Saturday, March 7, 2015

MORE PUNCTUATION

What a response I received to my last blog about the death of punctuation!!!!!! Emails, Facebook praise, and personal remarks, ranging from "Bravo" to a simple "Nice" indicated to me that there are readers out there who take time away from reading text messages and flash fiction to peruse my blog! And when I revealed that I'm collecting exclamation points so they won't get exiled in the Great Punctuation Excision or become totally extinct, many readers expressed their dismay for the excisions, sending me single, double, and sometimes entire lines of exclamation points!

I've decided that I will continue this vocation of collecting exclamation points (they are taller, slimmer, and more elegant than commas and, in the case of my blog, were preceded by words of acclimation). The exclamation point seems to have brought a modicum of success that other vocations have not given me. True, collecting exclamation points won't bring financial rewards; however, none of my other vocations (begun at age 18 and still being practiced as I stand poised on the cusp of 80, come May)—secretary, realtor, Public Relations Director, Executive Director in Girl Scouting, former archdeacon in an Episcopal Diocese, preacher, counselor, deacon, supervisor, newspaper editor and writer, book writer, and poet (look how many serial commas I was able to use in that sentence!)—have ever paid me a living wage either. In fact, only one in that serial list paid me enough to buy a computer and printer to practice most of the other vocations. So why shouldn't I add another non-paying profession—collecting punctuation marks?!! I actually considered the em dash as a collection piece. The em dash is long and takes up more space than the hyphen, and it might be excised before the exclamation point, but lots of readers would just as soon witness its extinction. More sympathy has been expressed for the demise of the exclamation point. It won out as a favored mark for me to collect.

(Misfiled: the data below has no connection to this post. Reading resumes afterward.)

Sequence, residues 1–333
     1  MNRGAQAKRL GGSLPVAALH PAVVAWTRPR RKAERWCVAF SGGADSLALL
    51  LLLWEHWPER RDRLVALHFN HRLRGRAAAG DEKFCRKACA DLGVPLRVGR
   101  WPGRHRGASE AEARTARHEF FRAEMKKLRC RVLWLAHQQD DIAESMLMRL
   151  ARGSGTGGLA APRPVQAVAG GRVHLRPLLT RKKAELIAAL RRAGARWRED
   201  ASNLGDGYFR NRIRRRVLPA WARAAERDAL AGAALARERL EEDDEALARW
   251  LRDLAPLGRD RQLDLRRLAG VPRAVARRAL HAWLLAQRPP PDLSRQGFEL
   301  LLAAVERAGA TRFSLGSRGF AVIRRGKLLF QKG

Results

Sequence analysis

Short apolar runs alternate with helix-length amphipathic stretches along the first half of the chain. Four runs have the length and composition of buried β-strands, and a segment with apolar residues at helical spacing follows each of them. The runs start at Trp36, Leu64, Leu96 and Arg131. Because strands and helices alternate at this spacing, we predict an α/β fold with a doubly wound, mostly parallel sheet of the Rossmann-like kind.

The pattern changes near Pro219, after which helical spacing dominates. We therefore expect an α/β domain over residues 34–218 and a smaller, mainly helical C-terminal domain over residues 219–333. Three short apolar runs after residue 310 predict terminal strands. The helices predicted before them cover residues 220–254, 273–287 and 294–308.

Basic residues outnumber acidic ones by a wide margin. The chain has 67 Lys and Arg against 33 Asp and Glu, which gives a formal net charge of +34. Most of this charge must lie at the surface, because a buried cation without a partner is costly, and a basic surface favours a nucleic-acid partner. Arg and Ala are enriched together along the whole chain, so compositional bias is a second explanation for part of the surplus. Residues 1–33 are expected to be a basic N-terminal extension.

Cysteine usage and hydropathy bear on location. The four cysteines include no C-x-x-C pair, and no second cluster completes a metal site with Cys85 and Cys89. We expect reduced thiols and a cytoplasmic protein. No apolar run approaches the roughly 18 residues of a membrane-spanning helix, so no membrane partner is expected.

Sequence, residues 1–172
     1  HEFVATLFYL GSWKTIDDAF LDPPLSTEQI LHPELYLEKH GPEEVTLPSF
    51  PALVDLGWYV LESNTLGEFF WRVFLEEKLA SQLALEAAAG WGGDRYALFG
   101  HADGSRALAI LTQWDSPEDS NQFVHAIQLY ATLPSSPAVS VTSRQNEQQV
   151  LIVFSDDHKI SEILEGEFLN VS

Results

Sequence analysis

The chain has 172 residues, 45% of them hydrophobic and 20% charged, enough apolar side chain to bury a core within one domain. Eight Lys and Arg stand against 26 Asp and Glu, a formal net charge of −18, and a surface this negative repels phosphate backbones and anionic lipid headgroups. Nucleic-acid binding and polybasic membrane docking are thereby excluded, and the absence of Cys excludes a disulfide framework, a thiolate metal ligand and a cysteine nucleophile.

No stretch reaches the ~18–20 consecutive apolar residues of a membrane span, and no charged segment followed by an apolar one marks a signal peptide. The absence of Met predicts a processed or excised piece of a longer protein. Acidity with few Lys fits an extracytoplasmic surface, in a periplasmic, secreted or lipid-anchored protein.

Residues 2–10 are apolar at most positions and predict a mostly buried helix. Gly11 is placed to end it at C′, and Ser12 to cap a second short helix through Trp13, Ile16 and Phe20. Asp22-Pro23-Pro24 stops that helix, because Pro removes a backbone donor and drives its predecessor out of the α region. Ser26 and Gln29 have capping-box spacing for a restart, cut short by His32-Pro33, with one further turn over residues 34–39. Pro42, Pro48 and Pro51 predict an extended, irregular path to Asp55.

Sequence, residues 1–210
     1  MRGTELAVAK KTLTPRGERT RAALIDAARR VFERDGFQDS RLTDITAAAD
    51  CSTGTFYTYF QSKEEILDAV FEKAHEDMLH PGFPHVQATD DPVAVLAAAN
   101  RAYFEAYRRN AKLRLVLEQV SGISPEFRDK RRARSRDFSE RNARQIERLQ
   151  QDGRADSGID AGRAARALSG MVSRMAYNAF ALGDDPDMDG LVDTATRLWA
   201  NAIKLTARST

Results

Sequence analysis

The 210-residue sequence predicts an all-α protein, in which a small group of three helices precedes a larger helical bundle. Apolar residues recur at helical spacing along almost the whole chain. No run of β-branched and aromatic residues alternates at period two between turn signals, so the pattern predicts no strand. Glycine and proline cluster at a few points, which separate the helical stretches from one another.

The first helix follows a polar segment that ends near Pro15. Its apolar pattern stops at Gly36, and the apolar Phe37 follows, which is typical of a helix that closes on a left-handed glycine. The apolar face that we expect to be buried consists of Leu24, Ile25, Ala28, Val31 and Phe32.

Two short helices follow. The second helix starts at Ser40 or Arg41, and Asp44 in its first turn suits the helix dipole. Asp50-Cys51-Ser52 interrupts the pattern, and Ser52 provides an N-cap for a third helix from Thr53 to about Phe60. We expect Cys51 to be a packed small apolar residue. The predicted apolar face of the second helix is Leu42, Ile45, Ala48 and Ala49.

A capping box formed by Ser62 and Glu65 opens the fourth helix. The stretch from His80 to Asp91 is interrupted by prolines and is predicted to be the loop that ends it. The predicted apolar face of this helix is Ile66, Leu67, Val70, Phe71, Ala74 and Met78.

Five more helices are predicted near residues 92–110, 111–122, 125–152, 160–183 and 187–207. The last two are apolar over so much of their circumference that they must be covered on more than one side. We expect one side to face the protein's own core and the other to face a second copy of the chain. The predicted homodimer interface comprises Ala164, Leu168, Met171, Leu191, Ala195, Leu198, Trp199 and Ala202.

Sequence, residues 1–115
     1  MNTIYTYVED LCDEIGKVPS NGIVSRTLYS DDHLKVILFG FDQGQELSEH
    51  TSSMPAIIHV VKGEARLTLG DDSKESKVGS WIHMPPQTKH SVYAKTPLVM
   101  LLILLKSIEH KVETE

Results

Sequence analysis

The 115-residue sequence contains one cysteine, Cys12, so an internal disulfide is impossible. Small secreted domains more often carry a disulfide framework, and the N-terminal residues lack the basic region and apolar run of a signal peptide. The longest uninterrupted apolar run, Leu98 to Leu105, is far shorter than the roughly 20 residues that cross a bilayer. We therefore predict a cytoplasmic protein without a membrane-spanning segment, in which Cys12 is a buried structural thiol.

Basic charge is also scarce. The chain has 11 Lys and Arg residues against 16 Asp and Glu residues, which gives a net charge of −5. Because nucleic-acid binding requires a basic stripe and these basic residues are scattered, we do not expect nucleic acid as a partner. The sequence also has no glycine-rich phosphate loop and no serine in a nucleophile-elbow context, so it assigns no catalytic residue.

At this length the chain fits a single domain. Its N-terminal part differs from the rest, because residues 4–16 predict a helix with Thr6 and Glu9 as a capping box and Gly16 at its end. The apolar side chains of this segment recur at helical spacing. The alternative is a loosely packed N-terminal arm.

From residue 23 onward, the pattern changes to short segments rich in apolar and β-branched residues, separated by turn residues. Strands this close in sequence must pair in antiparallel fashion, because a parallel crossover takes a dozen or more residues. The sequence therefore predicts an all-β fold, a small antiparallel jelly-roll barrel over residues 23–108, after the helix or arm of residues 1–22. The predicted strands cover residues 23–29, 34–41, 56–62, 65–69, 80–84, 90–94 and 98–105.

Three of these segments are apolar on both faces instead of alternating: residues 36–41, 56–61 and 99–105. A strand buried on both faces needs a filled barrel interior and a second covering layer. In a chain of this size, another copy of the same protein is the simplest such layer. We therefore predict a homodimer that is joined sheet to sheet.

At the age of eighty, I am due some excursions into eccentricity, don't you think? Actually, if you think that collecting punctuation marks is an eccentric profession, consider the wonderful character in one of Alexander McCall Smith's novels named Professor Dr. Moritz-Maria Von Igelfeld. In the opening pages of Portuguese Irregular Verbs, the professor reflects on how fortunate he is to be exactly who he is, and nobody else. And what was his archaic profession? He collected and wrote papers on the etymology and vagaries of Portuguese verbs that were often the highlight of philology conferences. Some of his readers conceded that once the good professor presented his papers, there was nothing more to be said on his subject. "Nothing!" I've read at least three books in the Portuguese Irregular Verbs series and can tell you that Professor Dr. Moritz-Maria Von Igelfeld has saved the day for the vagaries of Portuguese verbs, and no one questions his eccentricity. He is exactly who he is and nobody else!!!!!!!!!!

You will notice the drawing of the exclamation point that precedes this message about punctuation, and once I had drawn it, I wondered if I should mar the text with the crude artistic delineation that may have made my artist mother and brother on the Other Side flinch. However, as I rode past the Arts and Crafts Show in front of The Shadows-on-the-Teche in New Iberia, Louisiana this afternoon, the thought occurred to me: there must be some fine artists out there who share my enthusiasm for saving punctuation—talented cartoonists who might like to draw a few original punctuation marks and contribute their art to this blog. They could scan their marks and send via the computer, and I'm certainly not averse to color illustrations. However, let me emphasize that this venue will not pay. You will join me in filling blank space (that'll soon be reserved for run-on sentences and flash writing) with large, life-giving marks, decorating and embellishing pages of poetry and prose in a way that will send the excisers of language into a corner to suck on their scantily-ink-stained fingers!!


Meanwhile, I will continue to collect exclamation marks and make it my mission to revive respect for punctuation. I'd mention this mission tomorrow at two services when I preach a sermon that contains many serial commas and several exclamation marks that no one will see, but I might be excised from the pulpit!!!!!
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